ALEXANDRIA, La. — A Louisiana man was arrested last week and charged in the long-unsolved cold case killing of a woman abducted and slain in 2004.
David Anthony Burns, 45, of Boyce, was indicted April 13 on a second-degree murder charge in the death of Courtney Megan Coco. He was booked into the Rapides Parish Detention Center, where he remained Tuesday.
Coco, a 19-year-old student at Northwestern State University in Natchitoches, vanished in early October 2004 while dog-sitting for her parents, who went camping for the weekend.
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Her body was found three days later in Texas. Because of the condition of her remains, a cause of death could not be determined.
The indictment against Burns alleges he killed Coco during the perpetration or attempted perpetration of a robbery.
Authorities have been silent on what evidence led them to Burns, but the Alexandria Town Talk reported that Burns posted a video on his Facebook page in March in which he appeared to reference the case.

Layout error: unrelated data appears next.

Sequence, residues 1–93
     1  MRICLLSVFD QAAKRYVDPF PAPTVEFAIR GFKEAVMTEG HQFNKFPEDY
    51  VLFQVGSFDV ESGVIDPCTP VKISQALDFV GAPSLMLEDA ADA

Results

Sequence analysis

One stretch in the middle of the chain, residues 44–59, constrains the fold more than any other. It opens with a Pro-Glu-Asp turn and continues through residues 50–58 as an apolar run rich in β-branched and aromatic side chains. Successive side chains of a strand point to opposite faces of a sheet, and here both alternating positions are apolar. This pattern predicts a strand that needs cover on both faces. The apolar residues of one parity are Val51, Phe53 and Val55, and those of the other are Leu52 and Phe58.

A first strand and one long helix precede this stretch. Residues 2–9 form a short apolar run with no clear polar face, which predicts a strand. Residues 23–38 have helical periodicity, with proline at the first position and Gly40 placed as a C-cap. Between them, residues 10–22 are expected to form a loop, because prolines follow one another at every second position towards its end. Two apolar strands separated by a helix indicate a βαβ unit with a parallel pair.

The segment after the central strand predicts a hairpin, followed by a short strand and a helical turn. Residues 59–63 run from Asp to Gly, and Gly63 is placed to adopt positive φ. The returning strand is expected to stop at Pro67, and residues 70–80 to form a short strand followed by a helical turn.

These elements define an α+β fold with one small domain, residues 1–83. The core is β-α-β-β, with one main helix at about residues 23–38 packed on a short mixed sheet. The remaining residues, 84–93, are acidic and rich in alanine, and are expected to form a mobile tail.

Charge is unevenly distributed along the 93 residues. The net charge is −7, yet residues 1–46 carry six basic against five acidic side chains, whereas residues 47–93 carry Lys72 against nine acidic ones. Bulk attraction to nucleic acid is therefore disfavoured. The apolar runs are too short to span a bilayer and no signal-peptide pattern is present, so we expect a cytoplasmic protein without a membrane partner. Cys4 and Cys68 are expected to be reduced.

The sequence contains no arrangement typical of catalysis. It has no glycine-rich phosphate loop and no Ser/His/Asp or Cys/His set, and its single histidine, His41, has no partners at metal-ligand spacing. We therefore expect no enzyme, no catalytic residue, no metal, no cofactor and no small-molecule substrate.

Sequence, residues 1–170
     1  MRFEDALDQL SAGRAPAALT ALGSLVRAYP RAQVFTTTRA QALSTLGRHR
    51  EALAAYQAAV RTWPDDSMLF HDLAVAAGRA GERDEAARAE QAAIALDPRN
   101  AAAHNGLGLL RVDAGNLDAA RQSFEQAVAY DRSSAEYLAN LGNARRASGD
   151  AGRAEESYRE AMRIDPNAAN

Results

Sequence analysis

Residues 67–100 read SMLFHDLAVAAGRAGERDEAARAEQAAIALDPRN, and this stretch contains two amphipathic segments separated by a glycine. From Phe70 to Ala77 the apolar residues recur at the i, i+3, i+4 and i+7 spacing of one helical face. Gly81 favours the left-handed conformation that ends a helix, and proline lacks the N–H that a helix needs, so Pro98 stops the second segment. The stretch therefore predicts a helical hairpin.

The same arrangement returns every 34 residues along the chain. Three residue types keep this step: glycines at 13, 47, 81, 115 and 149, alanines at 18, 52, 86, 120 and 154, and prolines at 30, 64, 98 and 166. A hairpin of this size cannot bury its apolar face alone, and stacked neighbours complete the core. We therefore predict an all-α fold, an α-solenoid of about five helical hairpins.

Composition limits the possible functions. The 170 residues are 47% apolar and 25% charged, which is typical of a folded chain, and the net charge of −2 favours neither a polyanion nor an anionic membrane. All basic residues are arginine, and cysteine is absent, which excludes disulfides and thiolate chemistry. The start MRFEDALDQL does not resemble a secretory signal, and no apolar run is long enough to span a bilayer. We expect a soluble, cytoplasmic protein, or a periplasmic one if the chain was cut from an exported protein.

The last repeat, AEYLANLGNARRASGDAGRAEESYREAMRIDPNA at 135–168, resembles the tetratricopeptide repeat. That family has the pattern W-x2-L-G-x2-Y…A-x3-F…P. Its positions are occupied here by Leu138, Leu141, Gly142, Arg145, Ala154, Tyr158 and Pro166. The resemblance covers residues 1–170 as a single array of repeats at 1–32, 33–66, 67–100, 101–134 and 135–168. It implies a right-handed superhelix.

Burns appeared to tell authorities he’d be “coming after y’all.”
“Not physically. Coming get your wallets. I promise you,” he reportedly said.
Burns did not mention Coco but repeatedly mentioned “Mr. Woody with your podcast,” the Town Talk reported.
He seemed to be referring to retired detective Woody Overton, who has a podcast called “Real Life Real Crime.” Overton worked with Coco’s family in 2019 to create an 18-episode series on the case.
A new episode on Burns’ arrest was made public Saturday.
Coco’s family, who released a statement the day after Burns was arrested, thanked everyone involved in building the case against their daughter’s alleged killer. Overton and his podcast were highlighted in the statement.